Culture change is here.

People are upset about rising health care prices and rising out-of-pocket expenses.

In fact, they’re so upset that they’re acting like consumers, by shopping around for their health care, and by sharing information, and by complaining about their outrage. And that’s a good thing.

When I founded a few years ago, I announced: “We’re bringing transparency to the health care marketplace by telling people what stuff costs.” (more…)

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How to Make the Most of Your Doctor Visit

jessie-gruman picI recently wrote about how common it is for those who work in and deliver health care – physicians, nurses, clinics and hospitals – to overestimate our knowledge about our bodies, our illnesses and how the health care system works. This overestimation of our familiarity happens with even the most seemingly simple and straightforward aspects of care, such as: Who is the nurse practitioner? Where is Dr. X’s office? When is “soon”? Why are you recommending this test?

To help people find good health care and make the most of it, CFAH has created a library of Be a Prepared Patient tips and resources including two videos. The two-minute video below shares tips for How to Make the Most of Your Doctor Visit by explaining how to effectively describe your symptoms in four key steps. Being prepared with this information will allow you and your doctor to discuss the best treatment for you, including next steps. (more…)

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Why I Share My Story: Karen and Stage 4 Colon Cancer

April 7th, 2007: It was about one month before my 32nd birthday. My son Ethan was 16 months old. My daughter Sydney had turned three in February. My husband and I had been married for eight years. On that day in an emergency room in New Jersey I was told, as a nurse stood next to me crying, “You have colon cancer, you have tumors all over your liver.”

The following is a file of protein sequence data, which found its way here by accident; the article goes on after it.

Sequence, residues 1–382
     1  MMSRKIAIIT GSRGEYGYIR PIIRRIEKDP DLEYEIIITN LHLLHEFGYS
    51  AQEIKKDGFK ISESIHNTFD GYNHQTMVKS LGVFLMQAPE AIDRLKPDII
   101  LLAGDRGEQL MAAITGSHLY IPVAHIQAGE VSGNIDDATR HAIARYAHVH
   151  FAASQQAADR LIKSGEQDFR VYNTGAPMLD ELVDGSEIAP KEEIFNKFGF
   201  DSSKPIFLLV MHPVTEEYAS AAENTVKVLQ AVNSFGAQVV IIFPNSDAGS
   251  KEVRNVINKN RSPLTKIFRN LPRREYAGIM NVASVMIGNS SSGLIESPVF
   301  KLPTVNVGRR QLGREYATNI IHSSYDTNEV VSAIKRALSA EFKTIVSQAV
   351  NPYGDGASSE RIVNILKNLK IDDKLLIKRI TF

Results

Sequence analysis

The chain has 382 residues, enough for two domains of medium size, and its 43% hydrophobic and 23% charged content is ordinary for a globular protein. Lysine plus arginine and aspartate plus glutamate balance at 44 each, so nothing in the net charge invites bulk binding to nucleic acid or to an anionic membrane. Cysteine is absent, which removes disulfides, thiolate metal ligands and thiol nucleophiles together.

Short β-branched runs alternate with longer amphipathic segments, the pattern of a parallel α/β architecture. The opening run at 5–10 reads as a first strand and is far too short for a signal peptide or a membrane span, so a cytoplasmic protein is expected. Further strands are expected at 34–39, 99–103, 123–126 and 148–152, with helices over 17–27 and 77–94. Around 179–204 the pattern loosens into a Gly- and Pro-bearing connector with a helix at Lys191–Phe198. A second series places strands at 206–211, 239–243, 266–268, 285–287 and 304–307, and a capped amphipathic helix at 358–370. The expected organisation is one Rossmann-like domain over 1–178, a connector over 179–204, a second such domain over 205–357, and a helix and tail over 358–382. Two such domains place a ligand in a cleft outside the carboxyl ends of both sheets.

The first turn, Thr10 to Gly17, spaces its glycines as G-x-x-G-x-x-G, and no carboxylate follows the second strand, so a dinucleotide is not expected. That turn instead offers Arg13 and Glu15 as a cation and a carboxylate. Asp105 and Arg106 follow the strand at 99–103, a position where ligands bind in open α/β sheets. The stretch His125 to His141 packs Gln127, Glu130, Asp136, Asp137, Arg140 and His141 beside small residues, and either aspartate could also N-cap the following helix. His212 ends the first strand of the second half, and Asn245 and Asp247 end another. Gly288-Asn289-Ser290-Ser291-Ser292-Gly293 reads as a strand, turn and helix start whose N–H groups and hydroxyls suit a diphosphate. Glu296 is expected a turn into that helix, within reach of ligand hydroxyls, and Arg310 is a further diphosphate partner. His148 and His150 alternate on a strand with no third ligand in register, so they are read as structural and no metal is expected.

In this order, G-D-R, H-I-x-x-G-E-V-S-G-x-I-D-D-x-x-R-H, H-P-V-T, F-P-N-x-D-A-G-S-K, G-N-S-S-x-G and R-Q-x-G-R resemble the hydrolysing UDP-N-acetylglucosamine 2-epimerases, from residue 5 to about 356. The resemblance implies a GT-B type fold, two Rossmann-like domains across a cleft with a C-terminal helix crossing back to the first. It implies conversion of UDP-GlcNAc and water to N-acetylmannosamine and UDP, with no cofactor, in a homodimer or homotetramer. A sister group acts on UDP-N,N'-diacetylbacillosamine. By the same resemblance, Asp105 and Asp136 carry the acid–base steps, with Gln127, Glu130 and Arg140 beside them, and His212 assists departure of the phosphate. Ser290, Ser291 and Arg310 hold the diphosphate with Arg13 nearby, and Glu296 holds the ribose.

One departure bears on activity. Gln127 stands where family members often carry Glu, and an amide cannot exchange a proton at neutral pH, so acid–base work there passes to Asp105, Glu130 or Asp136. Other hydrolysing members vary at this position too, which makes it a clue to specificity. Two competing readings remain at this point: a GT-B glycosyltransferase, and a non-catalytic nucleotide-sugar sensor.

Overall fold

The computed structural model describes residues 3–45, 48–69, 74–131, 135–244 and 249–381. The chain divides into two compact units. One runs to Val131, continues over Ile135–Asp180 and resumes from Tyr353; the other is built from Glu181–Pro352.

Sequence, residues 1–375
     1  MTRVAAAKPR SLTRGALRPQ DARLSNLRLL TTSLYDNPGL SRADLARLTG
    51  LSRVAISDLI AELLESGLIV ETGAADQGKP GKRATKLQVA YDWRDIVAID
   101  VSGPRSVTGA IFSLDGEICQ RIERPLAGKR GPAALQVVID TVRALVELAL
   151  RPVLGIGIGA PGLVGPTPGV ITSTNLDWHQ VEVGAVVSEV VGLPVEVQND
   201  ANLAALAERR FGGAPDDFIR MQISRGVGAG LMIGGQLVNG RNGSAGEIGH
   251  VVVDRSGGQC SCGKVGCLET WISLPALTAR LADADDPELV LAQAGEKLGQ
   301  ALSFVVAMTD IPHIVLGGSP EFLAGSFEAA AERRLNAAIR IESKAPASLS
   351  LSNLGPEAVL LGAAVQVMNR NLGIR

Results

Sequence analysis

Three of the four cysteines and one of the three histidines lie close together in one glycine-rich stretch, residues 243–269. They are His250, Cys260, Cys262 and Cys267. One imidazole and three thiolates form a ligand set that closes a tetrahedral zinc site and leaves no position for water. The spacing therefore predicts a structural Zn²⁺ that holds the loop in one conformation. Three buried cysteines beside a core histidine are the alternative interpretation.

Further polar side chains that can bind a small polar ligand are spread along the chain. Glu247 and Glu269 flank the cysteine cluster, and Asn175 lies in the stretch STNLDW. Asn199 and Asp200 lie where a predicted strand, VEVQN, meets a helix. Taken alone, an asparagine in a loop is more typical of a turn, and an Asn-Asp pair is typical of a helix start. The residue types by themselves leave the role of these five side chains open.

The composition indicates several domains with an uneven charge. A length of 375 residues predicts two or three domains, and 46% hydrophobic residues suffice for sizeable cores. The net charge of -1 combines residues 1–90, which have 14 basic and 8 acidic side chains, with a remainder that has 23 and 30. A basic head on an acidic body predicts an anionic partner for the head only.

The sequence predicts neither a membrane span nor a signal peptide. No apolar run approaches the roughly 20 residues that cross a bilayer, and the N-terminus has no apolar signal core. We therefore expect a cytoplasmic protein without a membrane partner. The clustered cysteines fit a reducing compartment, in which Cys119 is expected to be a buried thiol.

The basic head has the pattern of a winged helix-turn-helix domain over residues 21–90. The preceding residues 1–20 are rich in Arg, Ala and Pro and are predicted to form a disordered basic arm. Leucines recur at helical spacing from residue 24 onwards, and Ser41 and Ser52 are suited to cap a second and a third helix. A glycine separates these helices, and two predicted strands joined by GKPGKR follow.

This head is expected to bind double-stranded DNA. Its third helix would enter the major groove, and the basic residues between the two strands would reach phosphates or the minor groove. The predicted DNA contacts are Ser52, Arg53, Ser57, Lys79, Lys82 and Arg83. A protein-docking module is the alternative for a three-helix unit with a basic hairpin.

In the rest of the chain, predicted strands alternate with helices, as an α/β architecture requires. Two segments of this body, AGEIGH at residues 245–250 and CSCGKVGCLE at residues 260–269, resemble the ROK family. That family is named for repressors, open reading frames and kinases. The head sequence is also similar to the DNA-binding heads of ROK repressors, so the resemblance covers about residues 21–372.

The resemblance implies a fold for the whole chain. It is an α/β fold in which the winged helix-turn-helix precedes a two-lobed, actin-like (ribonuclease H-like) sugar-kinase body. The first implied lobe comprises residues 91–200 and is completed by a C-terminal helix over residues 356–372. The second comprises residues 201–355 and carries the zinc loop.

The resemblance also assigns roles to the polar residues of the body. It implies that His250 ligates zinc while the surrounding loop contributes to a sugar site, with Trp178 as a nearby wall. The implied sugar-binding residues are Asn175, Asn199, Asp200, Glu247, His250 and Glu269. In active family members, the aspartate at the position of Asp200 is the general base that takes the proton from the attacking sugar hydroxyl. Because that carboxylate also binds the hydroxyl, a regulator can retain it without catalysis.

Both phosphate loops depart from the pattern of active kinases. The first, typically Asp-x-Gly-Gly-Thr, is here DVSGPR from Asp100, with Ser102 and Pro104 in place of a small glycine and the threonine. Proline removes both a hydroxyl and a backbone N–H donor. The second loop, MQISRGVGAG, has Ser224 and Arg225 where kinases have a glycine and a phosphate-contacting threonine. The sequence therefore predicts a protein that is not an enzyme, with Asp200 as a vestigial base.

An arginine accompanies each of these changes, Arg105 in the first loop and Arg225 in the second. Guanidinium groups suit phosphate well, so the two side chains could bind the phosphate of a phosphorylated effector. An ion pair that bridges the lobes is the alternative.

“Say that to me again. Say to me you have colon cancer,” I asked.

The emergency room doctor looking very sad and strikingly helpless said, “You have colon cancer.”

I asked, “And I have tumors all over my liver?”

“Yes,” he replied. With tears streaming down my face, I repeated, “Say that part again too. Tell me I have tumors all over my liver.”

He did as I asked.

The nurse touched my shoulder, whispering as she wiped her tears away, “I am so sorry.” (more…)

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Normal Care Hours Don’t Work for Workers With Chronic Conditions

jessie-gruman picIt looks like an airport lounge without the rolling suitcases. There are about 20 of us cancer survivor-types fiddling with our phones or reading the newspaper. A few of us are sipping delicious contrast fluid in preparation for a scan, but most of us are waiting to meet with our oncologists for follow-up or monitoring visits. All of us are between the ages of 20 and 70 and all of us are dressed for success – or at least for our jobs.

What’s wrong with this picture? Why are employed adults spending a busy Wednesday morning waiting (and waiting) to visit our oncologists when we should be working?

We are there because our clinicians and all the services of this comprehensive cancer center operate only during standard business hours, which is also when we are usually working. This means that something’s gotta give if the growing number of us cancer survivors are to attend to the chronic conditions caused by our treatment and be monitored for recurrences. In the meantime, what’s gotta give is us, our employers and our paychecks. (more…)

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What If Health Engagement Was a System-Wide Requirement?

Cyndy NayerThe conversation in health care blogs, C-Suites, and peer-reviewed articles is highlighted with “health engagement,” as though this is a new rubric. It’s been defined as aligned commitment toward a health goal that is set by someone or some entity.  Without engagement, there is no improved health.

But the weight of engagement appears to be shouldered by the patient, who is portrayed as derelict in commitment, follow-through, or even literacy in the attainment of goals set by a system in which he or she is not a valued contributor. (more…)

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Where Fashion and Health Intersect

Anita-Dolce-VitaPeople often look perplexed when I mention that I am a Clinical Research Nurse by day and a fashion blogger by night.  Some find it peculiar, if not interesting, that I am passionate about and committed to two fields that most people consider completely unrelated. However, fashion and health care do intersect, and at this intersection exists opportunities to improve health and wellness.